Writer/director/actor Don Michael Paul, who also co-wrote the script for the less than memorable "Harley Davidson and the Marlboro Man," makes he feature directorial debut here, and brings to the screen the '80s action zeitgeist from which he was spawned. The film has all the depth and subtlety of a Stephen J. Cannell (who makes a cameo appearance) television series, aspiring no higher than an episode of "The A-Team" or "Hunter." All the characters are to one extent or another Bad People. All the dialogue is comprised of redundantly expository diatribes and flatly delivered quips. Bullets fly but never hit anyone, things blow up but no one gets hurt, and acting is optional, or, more to the point, opted against. This especially true in the case of rapper Ja Rule, though to single him out is unfair since there is very little acting going on in the movie at all.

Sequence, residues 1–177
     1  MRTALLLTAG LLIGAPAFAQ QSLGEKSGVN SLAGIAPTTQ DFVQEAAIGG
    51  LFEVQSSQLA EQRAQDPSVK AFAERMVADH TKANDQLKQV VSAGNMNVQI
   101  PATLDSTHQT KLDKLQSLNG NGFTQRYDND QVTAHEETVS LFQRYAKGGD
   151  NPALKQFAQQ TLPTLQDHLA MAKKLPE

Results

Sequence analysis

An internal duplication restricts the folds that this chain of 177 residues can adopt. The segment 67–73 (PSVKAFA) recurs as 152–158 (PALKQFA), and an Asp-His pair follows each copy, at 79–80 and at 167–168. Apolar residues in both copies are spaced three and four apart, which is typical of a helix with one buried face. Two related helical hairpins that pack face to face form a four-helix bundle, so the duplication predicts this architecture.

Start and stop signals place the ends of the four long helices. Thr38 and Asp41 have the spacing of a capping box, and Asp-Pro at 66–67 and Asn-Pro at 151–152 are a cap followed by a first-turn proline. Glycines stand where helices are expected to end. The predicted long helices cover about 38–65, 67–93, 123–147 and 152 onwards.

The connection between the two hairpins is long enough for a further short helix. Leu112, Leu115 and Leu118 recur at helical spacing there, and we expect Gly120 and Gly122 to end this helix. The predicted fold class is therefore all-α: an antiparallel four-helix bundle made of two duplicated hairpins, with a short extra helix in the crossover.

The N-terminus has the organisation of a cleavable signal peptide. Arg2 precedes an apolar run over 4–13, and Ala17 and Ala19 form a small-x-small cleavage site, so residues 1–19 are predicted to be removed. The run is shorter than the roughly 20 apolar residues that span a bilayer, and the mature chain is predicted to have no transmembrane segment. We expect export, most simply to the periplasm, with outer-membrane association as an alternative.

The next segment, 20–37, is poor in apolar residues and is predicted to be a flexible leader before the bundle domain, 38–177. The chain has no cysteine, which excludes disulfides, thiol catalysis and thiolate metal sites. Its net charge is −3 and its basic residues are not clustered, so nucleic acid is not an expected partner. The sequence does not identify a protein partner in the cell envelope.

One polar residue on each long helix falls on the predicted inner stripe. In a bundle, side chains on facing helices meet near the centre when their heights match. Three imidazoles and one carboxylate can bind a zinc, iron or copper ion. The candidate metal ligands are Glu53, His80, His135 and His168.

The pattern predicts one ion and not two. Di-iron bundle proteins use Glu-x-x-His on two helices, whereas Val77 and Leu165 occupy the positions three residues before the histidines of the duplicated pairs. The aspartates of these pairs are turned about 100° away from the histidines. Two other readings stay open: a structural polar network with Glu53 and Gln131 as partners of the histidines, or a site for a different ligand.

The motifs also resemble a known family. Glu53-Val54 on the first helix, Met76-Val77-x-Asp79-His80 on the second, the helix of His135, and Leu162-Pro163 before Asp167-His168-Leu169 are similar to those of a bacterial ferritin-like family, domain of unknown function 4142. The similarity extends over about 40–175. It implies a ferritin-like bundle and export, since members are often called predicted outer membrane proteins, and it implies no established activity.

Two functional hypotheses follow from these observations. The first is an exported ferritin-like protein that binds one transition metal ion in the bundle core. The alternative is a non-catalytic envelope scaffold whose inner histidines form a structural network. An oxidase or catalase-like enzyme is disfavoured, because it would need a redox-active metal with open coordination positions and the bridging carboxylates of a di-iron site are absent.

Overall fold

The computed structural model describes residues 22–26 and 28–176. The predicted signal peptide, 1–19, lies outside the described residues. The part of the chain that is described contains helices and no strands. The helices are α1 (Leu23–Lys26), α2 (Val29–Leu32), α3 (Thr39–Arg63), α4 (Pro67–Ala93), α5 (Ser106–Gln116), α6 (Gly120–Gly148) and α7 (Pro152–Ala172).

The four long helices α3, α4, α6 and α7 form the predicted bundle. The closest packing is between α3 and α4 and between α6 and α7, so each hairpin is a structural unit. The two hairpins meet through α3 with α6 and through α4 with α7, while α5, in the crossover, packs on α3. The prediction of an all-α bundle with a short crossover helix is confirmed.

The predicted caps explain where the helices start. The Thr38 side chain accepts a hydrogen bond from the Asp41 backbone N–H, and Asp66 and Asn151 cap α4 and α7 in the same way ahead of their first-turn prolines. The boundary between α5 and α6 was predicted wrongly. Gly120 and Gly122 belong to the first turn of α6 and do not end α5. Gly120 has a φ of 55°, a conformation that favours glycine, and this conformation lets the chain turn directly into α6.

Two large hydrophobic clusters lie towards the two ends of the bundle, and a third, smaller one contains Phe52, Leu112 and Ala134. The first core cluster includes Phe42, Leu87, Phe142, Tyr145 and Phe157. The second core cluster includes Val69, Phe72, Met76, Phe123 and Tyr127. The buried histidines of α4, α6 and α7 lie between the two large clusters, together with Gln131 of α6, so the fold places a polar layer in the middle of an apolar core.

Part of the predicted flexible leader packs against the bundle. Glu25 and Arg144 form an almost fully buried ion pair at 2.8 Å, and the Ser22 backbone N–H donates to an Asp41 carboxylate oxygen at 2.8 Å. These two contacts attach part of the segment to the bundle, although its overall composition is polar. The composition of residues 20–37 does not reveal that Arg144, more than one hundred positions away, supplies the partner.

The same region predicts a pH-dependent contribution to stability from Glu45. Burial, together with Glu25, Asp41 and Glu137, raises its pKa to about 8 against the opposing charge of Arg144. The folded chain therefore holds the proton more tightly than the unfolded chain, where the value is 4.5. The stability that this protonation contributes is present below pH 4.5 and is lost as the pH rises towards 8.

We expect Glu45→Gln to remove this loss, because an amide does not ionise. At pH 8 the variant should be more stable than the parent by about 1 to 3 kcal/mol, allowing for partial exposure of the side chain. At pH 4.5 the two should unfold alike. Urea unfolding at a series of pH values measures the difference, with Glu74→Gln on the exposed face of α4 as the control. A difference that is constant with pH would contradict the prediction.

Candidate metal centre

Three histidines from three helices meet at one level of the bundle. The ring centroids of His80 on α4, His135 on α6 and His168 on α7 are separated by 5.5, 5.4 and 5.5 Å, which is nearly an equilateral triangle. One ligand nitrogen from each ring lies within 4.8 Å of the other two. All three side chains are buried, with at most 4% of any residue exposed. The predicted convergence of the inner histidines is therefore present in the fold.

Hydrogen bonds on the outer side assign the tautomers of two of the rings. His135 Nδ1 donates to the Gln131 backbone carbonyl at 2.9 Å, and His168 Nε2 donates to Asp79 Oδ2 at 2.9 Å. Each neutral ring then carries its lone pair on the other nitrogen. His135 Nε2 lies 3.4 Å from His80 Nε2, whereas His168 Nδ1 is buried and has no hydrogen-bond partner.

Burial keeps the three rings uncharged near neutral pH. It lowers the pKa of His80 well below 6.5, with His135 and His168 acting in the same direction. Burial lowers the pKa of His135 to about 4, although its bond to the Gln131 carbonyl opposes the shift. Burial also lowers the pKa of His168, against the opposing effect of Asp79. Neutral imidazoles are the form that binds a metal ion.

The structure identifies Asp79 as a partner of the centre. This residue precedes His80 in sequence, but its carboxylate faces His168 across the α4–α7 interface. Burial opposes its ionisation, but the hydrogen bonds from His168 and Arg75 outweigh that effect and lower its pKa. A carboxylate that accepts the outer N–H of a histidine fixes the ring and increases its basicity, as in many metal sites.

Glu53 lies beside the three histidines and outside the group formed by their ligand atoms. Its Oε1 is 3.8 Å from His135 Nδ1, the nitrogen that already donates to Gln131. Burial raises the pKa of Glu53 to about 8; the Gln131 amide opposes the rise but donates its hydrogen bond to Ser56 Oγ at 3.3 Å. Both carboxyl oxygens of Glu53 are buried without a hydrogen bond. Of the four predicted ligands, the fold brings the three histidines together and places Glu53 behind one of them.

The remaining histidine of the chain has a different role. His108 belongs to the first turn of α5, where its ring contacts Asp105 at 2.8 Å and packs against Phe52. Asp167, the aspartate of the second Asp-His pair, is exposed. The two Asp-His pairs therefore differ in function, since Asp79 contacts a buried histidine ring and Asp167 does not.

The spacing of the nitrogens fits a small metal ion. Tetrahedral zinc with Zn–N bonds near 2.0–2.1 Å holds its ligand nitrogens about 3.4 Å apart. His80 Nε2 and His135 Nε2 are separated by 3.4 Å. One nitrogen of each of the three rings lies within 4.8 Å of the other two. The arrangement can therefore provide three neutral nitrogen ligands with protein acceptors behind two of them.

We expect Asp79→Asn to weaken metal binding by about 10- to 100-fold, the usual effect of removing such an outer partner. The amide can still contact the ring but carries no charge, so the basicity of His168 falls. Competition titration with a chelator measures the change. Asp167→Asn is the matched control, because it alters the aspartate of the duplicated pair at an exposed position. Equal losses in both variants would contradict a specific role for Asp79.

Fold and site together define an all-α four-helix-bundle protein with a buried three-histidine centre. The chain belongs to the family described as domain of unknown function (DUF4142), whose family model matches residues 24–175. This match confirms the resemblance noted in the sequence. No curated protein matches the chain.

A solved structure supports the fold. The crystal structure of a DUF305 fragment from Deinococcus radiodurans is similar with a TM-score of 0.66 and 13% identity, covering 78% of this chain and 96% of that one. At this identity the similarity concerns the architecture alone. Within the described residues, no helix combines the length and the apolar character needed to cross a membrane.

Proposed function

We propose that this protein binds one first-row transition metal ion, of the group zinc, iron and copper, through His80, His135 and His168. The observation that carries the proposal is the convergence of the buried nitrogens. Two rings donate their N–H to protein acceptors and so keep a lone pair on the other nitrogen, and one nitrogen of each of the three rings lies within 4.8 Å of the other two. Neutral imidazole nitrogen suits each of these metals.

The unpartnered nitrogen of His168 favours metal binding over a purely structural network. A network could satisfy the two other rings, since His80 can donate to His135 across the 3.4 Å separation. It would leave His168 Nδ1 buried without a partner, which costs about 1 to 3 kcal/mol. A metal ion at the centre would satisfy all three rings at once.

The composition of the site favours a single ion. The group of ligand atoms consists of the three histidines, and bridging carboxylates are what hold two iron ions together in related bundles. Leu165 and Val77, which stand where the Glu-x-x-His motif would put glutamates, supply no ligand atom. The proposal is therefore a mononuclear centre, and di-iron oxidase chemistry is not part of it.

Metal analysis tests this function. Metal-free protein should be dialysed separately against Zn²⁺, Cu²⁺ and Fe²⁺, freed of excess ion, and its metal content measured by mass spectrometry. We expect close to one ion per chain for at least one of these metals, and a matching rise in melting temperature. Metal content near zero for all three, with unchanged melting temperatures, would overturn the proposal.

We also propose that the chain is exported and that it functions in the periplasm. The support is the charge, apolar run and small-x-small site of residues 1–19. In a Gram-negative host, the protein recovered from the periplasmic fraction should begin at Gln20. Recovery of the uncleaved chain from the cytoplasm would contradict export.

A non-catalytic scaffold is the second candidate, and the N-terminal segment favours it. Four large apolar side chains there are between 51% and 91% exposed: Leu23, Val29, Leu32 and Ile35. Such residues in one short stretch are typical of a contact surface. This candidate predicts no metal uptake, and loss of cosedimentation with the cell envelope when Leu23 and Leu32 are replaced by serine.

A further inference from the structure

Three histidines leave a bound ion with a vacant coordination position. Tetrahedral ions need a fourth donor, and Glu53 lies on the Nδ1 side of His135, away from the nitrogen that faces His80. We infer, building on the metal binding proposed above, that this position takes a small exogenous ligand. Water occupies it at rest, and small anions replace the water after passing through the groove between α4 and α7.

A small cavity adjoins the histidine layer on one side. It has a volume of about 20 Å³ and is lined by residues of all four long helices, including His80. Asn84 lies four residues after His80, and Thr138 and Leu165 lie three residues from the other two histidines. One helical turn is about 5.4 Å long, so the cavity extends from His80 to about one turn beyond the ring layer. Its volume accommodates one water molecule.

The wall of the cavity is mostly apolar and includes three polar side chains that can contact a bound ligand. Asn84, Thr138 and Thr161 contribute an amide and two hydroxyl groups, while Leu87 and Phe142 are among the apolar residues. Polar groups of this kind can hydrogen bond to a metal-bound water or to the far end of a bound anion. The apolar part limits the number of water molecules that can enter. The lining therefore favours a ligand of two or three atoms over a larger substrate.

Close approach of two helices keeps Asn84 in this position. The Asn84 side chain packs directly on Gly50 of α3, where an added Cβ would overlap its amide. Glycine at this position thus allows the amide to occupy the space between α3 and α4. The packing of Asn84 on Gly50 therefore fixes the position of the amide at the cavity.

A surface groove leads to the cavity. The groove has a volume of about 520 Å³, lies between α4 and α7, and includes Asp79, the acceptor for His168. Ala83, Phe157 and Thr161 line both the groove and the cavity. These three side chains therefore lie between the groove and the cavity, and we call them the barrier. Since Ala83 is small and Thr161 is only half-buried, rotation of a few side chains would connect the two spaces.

As for the storyline, Sascha (Seagal) and Nick (Ja Rule) are inmates at New Alcatraz when a team of high-tech thieves lead by Donny (Morris Chestnut), aka 49er One, infiltrate the prison to learn from a death row inmate where he hid $200 million worth of gold. When Donny and his gang start to brutalize the brutal, Sascha and Nick take things into their own hands. Nia Peeples (of several TV movies and a short-lived recording career) is actually quite effective as Donny's primary enforcer, and Claudia Christian (TV's "Babylon 5") is also coolly effective. Seagal, who does none of his stunts in "Half Past Dead," delivers an unenergetic performance, while rapper/actor Ja Rule should stick to talking in verse. Starring Steven Seagal, Morris Chestnut, Ja Rule, Claudia Christian and Nia Peeples. Directed and written by Don Michael Paul. Produced by Steven Seagal, Elie Samaha and Andrew Stevens. A Screen Gems release. Action/Thriller. Rated PG-13 for pervasive action violence, language and some sexual content. Running time: 99 min